Trichet’s Communiqué

1. ECB is to reactivate two of it’s most potent anti-crisis measures:

a. Will offer a six-month tender of unlimited size next week (first such tender in two-years).

b. Re-opening of the Securities Market Program (SMP). Under the program the ECB will buy government bonds in order to ensure that the market functions smoothly. Last executed five-months ago. This morning they purchased Portuguese and Irish sovereign debt to try and stem contagion fears (re-opening the program was not unanimous).

2. The ECB will keep its policy of lending unlimited amounts at its one-week, one-month and three-month operations until the end of the year (MRO). Trichet was not expected to comment on the bank’s liquidity policy for the fourth quarter until next month.

3. Trichet gave no indication that the ECB would hold off from further interest rate rises in the near future, policy remains ‘accommodative’. He said that economic growth is slowing and that the Central Bank is ‘monitoring very closely economic conditions’. Market will take this as a sign that rates will likely stay on ‘hold’ at the September meeting.

4. Trichet warned that risks to the medium-term price outlook ‘remain to the upside’ and that monetary liquidity remains ample and may facilitate the accommodation of price pressures’.

5. His tone was slightly more pessimistic than last month. ‘Continued moderation expansion is expected in the period ahead’. However, he said ‘uncertainty is particularly high’.

6. Trichet on Japan: He indicated that the Bank has always been very clear that ‘such interventions have to be made on the basis of a multilateral consensus and decisions’. Japan’s move was not done as part of a multilateral decision process. Japan’s Minister of Finance Noda stated that they ‘went alone’ This would suggest that a more coordinated global effort to stem the dollar’s slide in not on the table for now.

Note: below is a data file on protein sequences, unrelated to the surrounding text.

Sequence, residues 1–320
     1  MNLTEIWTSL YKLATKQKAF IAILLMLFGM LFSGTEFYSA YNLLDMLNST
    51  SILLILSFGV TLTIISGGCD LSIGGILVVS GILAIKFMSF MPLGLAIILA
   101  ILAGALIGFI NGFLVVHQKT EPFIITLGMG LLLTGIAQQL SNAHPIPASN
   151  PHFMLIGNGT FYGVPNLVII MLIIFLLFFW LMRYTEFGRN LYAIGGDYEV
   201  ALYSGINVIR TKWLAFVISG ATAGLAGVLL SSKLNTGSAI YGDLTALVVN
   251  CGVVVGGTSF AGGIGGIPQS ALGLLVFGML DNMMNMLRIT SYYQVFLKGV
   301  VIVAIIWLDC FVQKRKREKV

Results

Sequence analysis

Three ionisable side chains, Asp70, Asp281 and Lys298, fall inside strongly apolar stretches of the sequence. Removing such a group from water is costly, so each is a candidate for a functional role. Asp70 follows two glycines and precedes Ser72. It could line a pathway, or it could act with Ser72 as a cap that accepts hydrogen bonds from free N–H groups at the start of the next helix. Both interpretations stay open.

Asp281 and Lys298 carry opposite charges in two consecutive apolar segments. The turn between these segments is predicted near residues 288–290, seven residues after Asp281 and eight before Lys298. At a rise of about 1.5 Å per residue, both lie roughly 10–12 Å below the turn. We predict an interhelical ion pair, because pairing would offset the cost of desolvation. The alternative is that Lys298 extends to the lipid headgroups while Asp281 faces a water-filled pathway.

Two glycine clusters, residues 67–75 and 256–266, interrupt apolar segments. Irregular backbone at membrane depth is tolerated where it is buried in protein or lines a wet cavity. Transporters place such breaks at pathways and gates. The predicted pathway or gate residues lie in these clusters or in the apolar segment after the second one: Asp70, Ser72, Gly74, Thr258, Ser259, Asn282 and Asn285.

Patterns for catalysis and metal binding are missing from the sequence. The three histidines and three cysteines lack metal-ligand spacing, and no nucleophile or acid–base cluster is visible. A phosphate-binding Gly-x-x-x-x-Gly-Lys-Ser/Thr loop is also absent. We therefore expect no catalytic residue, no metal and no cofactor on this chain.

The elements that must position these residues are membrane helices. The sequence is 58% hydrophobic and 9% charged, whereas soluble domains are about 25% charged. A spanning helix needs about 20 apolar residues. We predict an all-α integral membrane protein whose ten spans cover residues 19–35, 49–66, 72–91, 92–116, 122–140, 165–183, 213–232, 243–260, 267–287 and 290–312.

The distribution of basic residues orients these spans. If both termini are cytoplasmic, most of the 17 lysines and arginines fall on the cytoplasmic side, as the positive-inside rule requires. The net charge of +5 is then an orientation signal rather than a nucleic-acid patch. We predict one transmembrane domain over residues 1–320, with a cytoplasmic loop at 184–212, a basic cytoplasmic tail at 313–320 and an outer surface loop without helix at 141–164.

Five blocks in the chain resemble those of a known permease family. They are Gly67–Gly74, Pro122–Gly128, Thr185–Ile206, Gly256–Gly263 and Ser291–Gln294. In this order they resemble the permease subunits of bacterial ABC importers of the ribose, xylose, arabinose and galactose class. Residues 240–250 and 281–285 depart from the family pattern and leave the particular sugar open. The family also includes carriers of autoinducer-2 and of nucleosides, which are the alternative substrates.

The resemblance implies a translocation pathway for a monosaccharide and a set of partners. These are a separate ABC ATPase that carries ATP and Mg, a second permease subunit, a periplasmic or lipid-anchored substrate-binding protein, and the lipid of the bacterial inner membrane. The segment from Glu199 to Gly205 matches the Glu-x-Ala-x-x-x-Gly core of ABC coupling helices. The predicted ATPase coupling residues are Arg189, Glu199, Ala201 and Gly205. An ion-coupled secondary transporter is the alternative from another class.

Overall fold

This article is for general information purposes only. It is not investment advice or a solution to buy or sell securities. Opinions are the authors; not necessarily that of OANDA Corporation or any of its affiliates, subsidiaries, officers or directors. Leveraged trading is high risk and not suitable for all. You could lose all of your deposited funds.

Dean Popplewell

Dean Popplewell

Vice-President of Market Analysis at MarketPulse
Dean Popplewell has nearly two decades of experience trading currencies and fixed income instruments. He has a deep understanding of market fundamentals and the impact of global events on capital markets. He is respected among professional traders for his skilled analysis and career history as global head of trading for firms such as Scotia Capital and BMO Nesbitt Burns. Since joining OANDA in 2006, Dean has played an instrumental role in driving awareness of the forex market as an emerging asset class for retail investors, as well as providing expert counsel to a number of internal teams on how to best serve clients and industry stakeholders.
Dean Popplewell